20th October 2021
By Roland Sebestyén
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Cannabis legalisation in Switzerland is on the move as plans are announced to introduce a bill that would reform the country’s drug policy after two parliamentary commissions recommend that cannabis should no longer be banned.

According to Blick, both members of the National Council and MPs from the Social Security and Health Commission of the Council of States have spoken out in favour of legalising recreational and medical cannabis use in Switzerland.

The proposed reforms would allow the production, cultivation, trade and consumption of cannabis.

The decision was made with nine to two votes, as the parliamentary services announced on Tuesday.

Forty members across all political groups of the National Council are among the co-signatories of the initiative.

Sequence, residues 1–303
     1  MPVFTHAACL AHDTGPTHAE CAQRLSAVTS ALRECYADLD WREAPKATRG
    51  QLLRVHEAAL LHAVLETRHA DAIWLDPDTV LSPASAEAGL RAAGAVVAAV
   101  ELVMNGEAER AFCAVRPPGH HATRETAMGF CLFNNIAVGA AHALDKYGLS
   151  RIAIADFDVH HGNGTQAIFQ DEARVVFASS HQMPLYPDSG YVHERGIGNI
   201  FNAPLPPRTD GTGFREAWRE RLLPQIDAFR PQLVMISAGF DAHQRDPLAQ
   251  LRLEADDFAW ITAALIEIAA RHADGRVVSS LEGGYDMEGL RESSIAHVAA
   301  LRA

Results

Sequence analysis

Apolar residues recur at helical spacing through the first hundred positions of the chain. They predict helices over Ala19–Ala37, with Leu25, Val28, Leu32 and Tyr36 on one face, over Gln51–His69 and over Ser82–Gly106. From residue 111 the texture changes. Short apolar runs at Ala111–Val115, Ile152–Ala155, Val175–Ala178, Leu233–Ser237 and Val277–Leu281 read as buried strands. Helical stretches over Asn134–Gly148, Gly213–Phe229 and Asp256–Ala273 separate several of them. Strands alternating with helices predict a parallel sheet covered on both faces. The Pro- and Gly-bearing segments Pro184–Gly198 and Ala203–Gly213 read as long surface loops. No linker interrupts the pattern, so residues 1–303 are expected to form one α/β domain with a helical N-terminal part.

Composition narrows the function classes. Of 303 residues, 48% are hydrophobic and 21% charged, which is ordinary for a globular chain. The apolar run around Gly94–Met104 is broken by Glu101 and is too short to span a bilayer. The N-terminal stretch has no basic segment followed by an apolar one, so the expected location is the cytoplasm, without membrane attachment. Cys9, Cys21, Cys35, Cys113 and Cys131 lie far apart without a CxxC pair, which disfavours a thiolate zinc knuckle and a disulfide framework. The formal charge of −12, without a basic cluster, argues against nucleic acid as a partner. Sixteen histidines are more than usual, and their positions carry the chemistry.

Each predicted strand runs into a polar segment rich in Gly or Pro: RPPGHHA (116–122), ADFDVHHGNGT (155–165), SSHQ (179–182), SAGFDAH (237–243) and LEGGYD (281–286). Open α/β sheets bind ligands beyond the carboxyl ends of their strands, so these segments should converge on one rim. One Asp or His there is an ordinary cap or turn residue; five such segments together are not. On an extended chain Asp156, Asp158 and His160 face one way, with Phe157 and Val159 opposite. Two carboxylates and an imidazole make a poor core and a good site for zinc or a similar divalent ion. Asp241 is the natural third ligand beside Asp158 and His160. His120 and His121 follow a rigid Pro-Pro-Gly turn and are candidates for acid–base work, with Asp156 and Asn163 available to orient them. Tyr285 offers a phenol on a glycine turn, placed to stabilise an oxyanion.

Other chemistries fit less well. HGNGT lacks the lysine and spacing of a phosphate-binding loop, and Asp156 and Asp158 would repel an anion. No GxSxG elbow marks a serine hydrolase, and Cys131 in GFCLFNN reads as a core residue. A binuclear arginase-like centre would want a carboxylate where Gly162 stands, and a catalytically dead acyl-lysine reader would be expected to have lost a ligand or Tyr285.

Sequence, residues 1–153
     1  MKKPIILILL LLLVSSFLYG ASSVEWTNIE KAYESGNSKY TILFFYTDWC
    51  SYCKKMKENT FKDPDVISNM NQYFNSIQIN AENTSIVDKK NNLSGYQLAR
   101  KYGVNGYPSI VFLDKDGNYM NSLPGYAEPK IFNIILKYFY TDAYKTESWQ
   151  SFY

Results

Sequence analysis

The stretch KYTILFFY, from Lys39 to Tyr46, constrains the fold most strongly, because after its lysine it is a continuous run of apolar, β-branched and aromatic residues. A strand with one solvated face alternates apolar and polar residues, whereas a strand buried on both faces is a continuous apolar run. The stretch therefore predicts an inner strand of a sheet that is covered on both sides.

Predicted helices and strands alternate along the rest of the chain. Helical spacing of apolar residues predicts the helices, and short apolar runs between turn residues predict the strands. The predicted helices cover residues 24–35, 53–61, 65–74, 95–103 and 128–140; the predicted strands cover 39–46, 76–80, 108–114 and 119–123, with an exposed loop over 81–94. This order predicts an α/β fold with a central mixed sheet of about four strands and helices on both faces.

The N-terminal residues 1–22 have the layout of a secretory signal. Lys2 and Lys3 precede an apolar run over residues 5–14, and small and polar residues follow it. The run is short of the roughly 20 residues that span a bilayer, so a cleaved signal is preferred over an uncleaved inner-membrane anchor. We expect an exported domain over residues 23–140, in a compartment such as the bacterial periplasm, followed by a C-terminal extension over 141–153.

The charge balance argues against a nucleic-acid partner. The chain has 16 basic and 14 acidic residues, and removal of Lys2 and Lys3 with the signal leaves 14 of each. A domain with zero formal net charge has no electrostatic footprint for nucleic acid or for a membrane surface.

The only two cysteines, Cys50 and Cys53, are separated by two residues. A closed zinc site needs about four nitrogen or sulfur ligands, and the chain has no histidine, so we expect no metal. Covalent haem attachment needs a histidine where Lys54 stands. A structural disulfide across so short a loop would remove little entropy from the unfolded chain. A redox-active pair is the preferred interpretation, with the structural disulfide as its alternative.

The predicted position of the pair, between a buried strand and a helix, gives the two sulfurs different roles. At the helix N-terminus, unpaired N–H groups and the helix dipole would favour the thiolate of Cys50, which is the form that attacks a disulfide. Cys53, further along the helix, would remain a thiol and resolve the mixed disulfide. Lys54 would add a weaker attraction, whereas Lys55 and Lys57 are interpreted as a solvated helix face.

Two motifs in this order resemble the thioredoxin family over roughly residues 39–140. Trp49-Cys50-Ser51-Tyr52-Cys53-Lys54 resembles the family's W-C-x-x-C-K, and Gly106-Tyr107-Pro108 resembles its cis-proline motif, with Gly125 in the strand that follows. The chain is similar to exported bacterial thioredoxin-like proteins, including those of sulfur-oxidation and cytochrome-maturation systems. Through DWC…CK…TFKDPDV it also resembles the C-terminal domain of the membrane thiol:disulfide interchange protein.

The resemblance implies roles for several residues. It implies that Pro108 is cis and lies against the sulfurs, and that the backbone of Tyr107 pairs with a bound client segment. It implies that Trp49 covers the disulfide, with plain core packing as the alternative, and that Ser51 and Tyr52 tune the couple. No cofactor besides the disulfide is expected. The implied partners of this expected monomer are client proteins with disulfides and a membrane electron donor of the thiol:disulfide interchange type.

Bernese Central Councillor Heinz Siegenthaler said the aim is to dry up the black market and protect the consumers and the youth.

The plan is to establish clear rules on taxation, advertising and cultivation of cannabis for personal use.

It comes after under a new trial, Zürich will allow its citizens to buy cannabis products from pharmacies and cannabis social clubs following a parliamentary-approved change to the country’s drug policy.

The aim of the “Züri Can – Cannabis with Responsibility” pilot project is to analyse the impact of regulated cannabis use in a three-and-a-half-year long study, which could provide the basis for appropriate cannabis legislation at the federal level.

The trial is set to begin in Autumn, 2022.

While recreational cannabis is illegal in Switzerland, the country has one of the most liberal approaches to the drug in Europe.

For hemp cultivation, cannabis plants with a concentration of 1% THC are permitted. Furthermore, the possession of small amounts of cannabis for personal use was decriminalised in 2012.

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